Is signaled during the execution of the fild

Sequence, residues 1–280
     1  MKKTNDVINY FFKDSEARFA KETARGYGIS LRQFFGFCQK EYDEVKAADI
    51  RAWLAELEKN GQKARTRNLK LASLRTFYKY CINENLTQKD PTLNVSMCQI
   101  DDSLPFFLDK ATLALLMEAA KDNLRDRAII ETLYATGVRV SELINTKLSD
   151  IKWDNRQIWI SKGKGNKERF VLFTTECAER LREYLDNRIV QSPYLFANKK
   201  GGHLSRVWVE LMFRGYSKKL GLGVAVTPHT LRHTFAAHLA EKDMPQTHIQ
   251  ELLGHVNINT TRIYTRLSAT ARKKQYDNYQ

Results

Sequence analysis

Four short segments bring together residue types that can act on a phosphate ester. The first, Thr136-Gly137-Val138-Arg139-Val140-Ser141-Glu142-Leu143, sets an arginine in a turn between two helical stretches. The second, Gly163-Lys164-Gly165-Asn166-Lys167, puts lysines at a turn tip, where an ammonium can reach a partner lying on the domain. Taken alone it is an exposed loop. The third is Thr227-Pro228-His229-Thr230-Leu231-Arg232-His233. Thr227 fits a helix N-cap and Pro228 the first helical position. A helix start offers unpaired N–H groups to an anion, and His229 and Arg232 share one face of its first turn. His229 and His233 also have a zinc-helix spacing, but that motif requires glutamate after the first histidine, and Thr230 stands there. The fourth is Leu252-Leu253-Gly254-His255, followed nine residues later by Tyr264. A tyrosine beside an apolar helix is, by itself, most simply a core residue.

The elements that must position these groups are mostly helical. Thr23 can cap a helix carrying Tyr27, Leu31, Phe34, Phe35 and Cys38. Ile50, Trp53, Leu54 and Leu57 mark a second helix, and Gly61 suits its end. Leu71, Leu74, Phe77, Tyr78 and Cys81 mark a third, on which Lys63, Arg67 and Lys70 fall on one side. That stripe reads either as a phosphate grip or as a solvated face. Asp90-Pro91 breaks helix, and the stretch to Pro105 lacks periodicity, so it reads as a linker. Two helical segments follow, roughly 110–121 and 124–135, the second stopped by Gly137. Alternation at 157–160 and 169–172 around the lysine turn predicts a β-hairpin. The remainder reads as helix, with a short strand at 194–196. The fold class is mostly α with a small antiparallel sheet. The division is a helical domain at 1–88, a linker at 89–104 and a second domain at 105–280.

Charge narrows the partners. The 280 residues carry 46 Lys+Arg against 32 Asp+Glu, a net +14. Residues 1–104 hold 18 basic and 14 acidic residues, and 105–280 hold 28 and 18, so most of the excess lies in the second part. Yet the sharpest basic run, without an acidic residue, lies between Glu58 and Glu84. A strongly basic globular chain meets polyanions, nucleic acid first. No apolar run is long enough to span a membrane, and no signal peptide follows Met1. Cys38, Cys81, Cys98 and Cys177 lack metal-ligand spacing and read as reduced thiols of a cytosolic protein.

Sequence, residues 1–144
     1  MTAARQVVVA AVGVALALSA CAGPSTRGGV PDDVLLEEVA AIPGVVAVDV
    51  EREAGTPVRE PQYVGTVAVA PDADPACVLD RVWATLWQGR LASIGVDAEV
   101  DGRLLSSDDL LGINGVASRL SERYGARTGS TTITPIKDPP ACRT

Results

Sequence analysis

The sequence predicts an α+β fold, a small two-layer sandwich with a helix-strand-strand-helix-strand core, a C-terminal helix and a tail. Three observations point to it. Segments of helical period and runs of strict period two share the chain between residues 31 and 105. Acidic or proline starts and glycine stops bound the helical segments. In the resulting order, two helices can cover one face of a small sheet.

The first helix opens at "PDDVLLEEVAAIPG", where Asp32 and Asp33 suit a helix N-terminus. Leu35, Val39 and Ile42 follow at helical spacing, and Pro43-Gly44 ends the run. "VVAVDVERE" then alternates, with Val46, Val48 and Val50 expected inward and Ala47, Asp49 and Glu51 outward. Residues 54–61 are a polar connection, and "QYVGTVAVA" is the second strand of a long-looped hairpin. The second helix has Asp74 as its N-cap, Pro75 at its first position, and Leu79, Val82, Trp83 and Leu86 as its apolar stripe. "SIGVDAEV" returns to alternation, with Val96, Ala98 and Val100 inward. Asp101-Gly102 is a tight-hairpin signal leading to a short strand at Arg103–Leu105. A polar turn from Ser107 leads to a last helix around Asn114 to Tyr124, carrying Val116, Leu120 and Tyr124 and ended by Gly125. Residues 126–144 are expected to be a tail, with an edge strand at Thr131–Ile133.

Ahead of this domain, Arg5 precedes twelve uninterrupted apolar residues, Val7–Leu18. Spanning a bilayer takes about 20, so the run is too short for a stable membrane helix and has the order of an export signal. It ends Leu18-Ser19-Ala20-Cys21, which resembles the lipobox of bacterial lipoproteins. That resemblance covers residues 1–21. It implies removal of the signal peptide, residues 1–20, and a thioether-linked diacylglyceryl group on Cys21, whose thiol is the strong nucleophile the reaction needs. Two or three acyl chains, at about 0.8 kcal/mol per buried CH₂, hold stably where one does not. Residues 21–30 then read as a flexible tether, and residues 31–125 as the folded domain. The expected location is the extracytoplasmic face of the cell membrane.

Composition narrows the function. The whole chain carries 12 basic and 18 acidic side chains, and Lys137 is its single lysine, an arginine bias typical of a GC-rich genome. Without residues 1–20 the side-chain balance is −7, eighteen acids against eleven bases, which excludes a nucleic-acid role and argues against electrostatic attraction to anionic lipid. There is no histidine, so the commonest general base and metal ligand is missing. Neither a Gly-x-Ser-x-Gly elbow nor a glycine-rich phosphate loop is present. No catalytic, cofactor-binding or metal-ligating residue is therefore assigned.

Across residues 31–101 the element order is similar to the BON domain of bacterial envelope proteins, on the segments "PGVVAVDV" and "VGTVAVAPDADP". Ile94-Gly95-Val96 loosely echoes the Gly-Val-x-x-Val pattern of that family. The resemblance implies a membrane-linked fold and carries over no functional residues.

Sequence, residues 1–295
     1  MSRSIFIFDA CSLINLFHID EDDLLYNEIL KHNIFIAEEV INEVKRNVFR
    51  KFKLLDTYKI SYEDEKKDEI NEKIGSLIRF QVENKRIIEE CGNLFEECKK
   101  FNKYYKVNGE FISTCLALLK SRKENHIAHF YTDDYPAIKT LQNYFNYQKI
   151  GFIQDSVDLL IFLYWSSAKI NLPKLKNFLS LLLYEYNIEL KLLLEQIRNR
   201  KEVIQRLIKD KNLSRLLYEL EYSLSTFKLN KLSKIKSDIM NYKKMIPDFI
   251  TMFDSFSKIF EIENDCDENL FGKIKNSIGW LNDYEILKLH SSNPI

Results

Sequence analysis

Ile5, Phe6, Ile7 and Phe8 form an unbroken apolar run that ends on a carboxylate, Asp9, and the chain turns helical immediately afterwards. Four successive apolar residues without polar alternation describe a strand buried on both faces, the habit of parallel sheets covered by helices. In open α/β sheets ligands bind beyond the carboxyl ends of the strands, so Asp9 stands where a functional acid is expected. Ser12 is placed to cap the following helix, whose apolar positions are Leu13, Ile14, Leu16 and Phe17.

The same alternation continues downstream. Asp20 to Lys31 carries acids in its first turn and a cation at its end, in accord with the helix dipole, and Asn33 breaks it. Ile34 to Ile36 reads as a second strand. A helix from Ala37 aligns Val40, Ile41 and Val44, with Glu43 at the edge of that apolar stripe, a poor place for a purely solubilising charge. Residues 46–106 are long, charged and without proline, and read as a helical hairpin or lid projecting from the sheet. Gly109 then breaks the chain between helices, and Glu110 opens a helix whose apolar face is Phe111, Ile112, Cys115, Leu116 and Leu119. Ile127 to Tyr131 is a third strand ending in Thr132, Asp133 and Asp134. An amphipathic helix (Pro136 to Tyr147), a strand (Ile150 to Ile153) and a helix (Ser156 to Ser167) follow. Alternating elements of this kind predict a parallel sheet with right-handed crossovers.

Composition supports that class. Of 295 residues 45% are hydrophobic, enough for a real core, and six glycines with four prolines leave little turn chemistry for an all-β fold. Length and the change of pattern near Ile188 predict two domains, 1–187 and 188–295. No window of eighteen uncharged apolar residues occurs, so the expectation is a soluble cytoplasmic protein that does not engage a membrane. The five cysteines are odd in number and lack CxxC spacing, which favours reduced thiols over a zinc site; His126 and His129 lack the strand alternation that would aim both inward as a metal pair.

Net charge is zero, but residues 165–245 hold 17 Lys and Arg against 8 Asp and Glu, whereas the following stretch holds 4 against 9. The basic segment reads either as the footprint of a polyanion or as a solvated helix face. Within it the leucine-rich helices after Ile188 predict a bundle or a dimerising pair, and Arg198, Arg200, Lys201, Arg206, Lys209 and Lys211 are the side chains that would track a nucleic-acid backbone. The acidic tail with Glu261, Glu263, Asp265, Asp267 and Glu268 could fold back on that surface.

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Unformatted text preview: pt controller (PIC). When the FERR# pin is asserted, the PIC is programmed to generate an interrupt 75H. 5. The PIC asserts the INTR pin on the processor to signal the interrupt 75H. 6. The BIOS for the PC system handles the interrupt 75H by branching to the interrupt 02H (NMI) interrupt handler. 7. The interrupt 02H handler determines if the interrupt is the result of an NMI interrupt or a floating-point exception. 8. If a floating-point exception is detected, the interrupt 02H handler branches to the floating-point exception handler. If the IGNNE# pin is asserted, the processor ignores floating-point error conditions. This pin is provided to inhibit floating-point exceptions from being generated while the floating-point exception handler is servicing a previously signaled floating-point exception. Appendix D, "Guidelines for Writing x87 FPU Exception Handlers," describes the MS-DOS compatibility mode in much greater detail. This mode is somewhat more complicated in the Intel486 and Pentium processor implementations, as described in Appendix D. 8.7.3 Handling x87 FPU Exceptions in Software Section 4.9.3, "Typical Actions of a Floating-Point Exception Handler," shows actions that may be carried out by a floating-point exception handler. The state of the x87 8-46 Vol. 1 PROGRAMMING WITH THE X87 FPU FPU can be saved with the FSTENV/FNSTENV or FSAVE/FNSAVE instructions (see Section 8.1.10, "Saving the x87 FPU's State with FSTENV/FNSTENV and FSAVE/FNSAVE"). If the faulting floating-point instruction is followed by one or more non-floating-point instructions, it may not be useful to re-execute the faulting instruction. See Section 8.6, "x87 FPU Exception Synchronization," for more information on synchronizing floating-point exceptions. In cases where the handler needs to restart program execution with the faulting instruction, the IRET instruction cannot be used directly. The reason for this is that because the exception is not generated until the next floating-point or WAIT/FWAIT instruction following the faulting floating-point instruction, the return instruction pointer on the stack may not point to the faulting instruction. To restart program execution at the faulting instruction, the exception handler must obtain a pointer to the instruction from the saved x87 FPU state information, load it into the return instruction pointer location on the stack, and then execute the IRET instruction. See Section D.3.4, "x87 FPU Exception Handling Examples," for general examples of floating-point exception handlers and for specific examples of how to write a floatingpoint exception handler when using the MS-DOS compatibility mode. Vol. 1 8-47 PROGRAMMING WITH THE X87 FPU 8-48 Vol. 1 CHAPTER 9 PROGRAMMING WITH INTEL MMXTM TECHNOLOGY The Intel MMX technology was introduced into the IA-32 architecture in the Pentium II processor family and Pentium processor with MMX technology. The extensions introduced in MMX techno...
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